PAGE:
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parts of Ireland; a country which, like an old coffer in the country mansion of an old fashioned family, is the exchequer of all the odds and ends and relics of modes long passed, and exploded in modern life.
I remember, in my childhood, dining at the country house of an old catholic family, where, after the chaplain had pronounced an interminable grace, the lady of the mansion rose, and bowing round graciously to her company, pronounced, “much good may it do ye,” which was always followed, at the end of the dinner, by the observation that none of her guests had eaten any thing; indicating the delicacy of their appetites, and the unworthiness of her table.
A few months back, having stopped to change horses at a road-side inn, and the horses having to be sent for to the field, we alighted, and found the family at dinner in the reception room, which was also the kitchen. A wretched man, begging his way to Dublin, half-naked, and half starved, and so faint from want, cold, and exhaustion, as to be scarcely articulate, paused at the threshold, and moving the crown of a leafless hat, said, “ Much good may it do ye, genteels!” This form of courtesy, in practice among the gentry not many years back, has now fallen to the very lowest classes of society; and this is the history of manners, as well as of phraseology. In Shakspeare's time the salutation of the modern Irish beggar to the peasant, was deemed a trait of royal courtesy.
The modern house-maid, who accompanies her lover, the footman, to the upper gallery, flushes at the coarseness of the fine ladies of Wycherley, Vanbrugh, and Farquhar; and feels her own superiority in modesty and gentility to the lovely Lady Lurewell, or even to the prudent Angelica of Sir Harry Wildair.
Tales, novels, and dramas, are the true sources from which the philosophy of manners can best be drawn, and are illustrative of the progress of society at various and successive epochs. History does nothing in this respect; and modern historians, in this point of view, are infinitely less valuable and useful, than the dryest chronicler of the middle ages. A page of Froissart is worth a volume of Hume, (who, as an historian, by the by, is daily losing ground in public estimation). The literary fiction, which gives cotemporary manners, modes, and prevailing phraseology, has a fair chance of surviving the tale which, placed in a remote epoch, creates a manner and a dialect neither illustrative of the times of which it treats, nor the times in which it is written. This is the fault of the beautiful romance of Ivanhoe, which is written with all the colouring and dialect of Queen Elizabeth's day, copied, even to set idioms and phrases, from Shakspeare and the play-writers of his time.
English was not spoken in the time of King John; the people spoke Saxon, the upper classes Norman-French. When Shakspeare wrote his play of King John, he did not affect to go back to the style and language of Henry the Fifth, because he could not employ that which was in use when his scene was supposed to take place. He therefore wrote in the language of his own times; and among the many admirable qualities of his inspired authorship, not the least admirable is, that he has given in his dramas, the very tone, accent, idioms, and manner of colloquial communication, from the court to the peasant's hut.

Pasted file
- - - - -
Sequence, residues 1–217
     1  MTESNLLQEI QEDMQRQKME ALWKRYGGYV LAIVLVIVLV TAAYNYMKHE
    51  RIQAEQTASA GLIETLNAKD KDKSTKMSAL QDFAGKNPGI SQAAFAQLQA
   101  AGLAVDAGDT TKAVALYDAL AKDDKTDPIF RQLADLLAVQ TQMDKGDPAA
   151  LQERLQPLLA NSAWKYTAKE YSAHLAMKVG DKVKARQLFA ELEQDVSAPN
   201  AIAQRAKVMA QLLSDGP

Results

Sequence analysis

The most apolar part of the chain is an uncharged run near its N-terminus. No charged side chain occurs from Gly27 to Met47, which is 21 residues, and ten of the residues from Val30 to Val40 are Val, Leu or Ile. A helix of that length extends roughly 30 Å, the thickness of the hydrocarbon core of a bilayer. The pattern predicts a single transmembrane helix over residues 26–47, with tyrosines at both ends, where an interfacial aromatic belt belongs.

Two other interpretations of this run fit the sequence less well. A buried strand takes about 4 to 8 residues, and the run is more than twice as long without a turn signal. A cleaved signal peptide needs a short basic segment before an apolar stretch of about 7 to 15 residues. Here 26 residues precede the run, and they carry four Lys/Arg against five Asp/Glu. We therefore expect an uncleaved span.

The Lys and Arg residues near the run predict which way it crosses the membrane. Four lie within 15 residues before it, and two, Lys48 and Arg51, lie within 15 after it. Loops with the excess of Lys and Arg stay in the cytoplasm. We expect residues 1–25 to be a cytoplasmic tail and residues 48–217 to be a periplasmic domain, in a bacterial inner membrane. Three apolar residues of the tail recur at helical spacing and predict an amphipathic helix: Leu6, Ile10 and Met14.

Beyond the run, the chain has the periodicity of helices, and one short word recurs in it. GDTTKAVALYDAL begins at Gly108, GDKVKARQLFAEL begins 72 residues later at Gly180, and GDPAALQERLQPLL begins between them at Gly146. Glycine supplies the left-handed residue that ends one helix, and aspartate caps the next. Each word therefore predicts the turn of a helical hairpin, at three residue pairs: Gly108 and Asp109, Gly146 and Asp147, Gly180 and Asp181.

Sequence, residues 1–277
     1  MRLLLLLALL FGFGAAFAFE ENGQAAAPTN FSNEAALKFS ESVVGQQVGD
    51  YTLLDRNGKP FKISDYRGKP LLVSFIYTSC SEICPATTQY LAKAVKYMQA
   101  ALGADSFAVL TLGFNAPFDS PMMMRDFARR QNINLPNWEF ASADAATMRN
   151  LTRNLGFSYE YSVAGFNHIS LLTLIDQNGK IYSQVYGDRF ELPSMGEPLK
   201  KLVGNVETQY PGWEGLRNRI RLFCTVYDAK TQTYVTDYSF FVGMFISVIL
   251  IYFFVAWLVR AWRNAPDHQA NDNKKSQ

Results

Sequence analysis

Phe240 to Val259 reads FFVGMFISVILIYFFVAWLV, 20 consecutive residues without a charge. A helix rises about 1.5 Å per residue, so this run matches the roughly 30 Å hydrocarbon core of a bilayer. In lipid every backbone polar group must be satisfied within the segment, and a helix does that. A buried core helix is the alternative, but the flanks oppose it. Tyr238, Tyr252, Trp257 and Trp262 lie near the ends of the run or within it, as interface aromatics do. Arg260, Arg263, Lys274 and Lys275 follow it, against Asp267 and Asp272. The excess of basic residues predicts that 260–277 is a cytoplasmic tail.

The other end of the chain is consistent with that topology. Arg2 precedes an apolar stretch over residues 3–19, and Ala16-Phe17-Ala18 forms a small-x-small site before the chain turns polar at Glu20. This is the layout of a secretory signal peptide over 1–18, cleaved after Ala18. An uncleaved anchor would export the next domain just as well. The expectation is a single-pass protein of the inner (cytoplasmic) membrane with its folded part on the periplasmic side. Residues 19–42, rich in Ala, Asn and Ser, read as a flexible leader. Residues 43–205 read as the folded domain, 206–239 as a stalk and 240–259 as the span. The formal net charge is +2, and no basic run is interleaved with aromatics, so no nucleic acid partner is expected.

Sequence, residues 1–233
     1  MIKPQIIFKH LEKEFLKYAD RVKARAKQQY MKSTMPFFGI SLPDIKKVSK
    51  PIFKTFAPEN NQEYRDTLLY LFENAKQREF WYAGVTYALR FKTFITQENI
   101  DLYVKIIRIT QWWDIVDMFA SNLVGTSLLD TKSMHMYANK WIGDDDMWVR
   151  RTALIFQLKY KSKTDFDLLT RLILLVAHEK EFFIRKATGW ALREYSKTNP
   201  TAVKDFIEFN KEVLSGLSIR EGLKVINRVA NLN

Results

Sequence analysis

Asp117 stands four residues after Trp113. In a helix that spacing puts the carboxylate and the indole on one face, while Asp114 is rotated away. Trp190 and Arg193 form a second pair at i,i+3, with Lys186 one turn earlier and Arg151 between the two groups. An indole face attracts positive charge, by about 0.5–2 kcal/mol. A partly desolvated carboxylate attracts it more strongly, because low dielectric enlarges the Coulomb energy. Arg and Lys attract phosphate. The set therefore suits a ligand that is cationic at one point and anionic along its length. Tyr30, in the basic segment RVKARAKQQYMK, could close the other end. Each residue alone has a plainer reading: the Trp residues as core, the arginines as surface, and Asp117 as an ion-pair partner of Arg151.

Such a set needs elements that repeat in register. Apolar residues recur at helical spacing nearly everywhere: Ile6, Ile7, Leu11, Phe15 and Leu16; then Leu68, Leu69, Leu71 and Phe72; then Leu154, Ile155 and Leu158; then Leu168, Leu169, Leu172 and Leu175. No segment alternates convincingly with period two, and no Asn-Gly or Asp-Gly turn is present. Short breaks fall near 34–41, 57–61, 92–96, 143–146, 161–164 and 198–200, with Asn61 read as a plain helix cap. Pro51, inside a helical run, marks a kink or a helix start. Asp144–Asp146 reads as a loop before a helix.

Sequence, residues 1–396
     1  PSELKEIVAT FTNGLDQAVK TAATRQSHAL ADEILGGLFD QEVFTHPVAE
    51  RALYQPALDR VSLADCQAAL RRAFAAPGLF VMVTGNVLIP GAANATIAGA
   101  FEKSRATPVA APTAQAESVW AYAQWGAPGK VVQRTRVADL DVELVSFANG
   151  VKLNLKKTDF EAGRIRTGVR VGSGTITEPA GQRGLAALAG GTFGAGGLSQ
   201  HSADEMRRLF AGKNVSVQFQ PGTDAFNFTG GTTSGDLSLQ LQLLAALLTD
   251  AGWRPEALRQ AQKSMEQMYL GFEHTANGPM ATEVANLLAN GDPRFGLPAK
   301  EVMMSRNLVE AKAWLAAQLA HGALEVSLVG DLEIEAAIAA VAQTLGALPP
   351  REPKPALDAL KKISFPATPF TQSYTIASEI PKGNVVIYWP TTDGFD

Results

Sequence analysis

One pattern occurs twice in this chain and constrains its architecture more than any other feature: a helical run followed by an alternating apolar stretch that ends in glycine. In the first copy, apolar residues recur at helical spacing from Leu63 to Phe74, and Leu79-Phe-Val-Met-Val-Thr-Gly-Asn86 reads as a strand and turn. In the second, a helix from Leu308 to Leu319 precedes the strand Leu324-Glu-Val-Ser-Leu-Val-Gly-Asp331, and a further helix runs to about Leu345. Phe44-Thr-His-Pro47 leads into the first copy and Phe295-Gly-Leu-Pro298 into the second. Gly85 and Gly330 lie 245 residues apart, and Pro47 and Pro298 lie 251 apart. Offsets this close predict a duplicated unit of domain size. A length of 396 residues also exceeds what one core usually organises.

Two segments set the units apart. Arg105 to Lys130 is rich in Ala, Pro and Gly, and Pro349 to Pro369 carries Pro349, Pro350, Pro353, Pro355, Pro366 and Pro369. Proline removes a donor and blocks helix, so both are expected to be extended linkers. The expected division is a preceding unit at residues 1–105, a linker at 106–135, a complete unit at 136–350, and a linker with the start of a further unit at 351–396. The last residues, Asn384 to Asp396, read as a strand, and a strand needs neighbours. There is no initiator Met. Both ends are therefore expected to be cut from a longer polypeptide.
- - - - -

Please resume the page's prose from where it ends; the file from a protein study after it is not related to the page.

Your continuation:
To know how exactly Shakspeare has copied existing forms, and to account for the rapidity with which he wrote, it is only necessary to read some of the memoirs and chronicles of Henry the Eighth's and Elizabeth's day, where dialogues on every state affair, carried on by ministers, secretaries, and Irish Lords Lieutenant, are given verbatim,all ready to go upon the stage, and to pass for a scene of Shakspeare's or Ben Jonson's,-just as a group at the Hague or Cologne, still exhibits a high toned picture of Vandervelt or Rembrandt.
I open at random a volume from the shelf of
the book-case of the dressing-room in which I write, and copy literally a scene and dialogue, meant only to be a simple narrative. It is taken from Campion's Historie of Ireland, written 1571;—the scene is a room at court, several lords sitting in commission on Gerald Fitzgerald, Earle of Kildare, “ a gentleman valiant and well spoken, yet in his latter time overtaken with vehement suspicion of sundrie treasons." The Cardinal Chancellor Wolsey is his inveterate enemy and chief accuser. It requires no great effort of imagination to conceive the place and persons of this veracious drama.
The gloomy gothic chamber, the ponderous costume of the lords, many of whom have been made familiar to posterity by the pencil of Vandyke, the sober splendour of Wolsey's habit, his scarlet hat, and glittering crucifix, the picturesque habit, and more picturesque person of the Geraldine,-his gigantic form, and stern, bold bearing, waiting in indignant silence for the accusations to be made against him, by a powerful and interested enemy. After a solemn pause, the lords
being diversly affectioned,” the Cardinal Chancellor broke forth in these words:
“ I wot well, my lord, that I am not the meetest man at this board to charge you with these treasons; because it hath pleased some of your pewfellows to report that I am a professed enemy of the Geraldines. I must have leave, notwithstanding your stale slander, to be the mouth of these honourable persons at this time, and to trumpe your treasons in your way, howsoever you take me.
66 First, You remember how the lewde Earle, your kinsman, who passeth not whom he serve, might he change his master, sent his confederates with letters of credence to Francis the French king.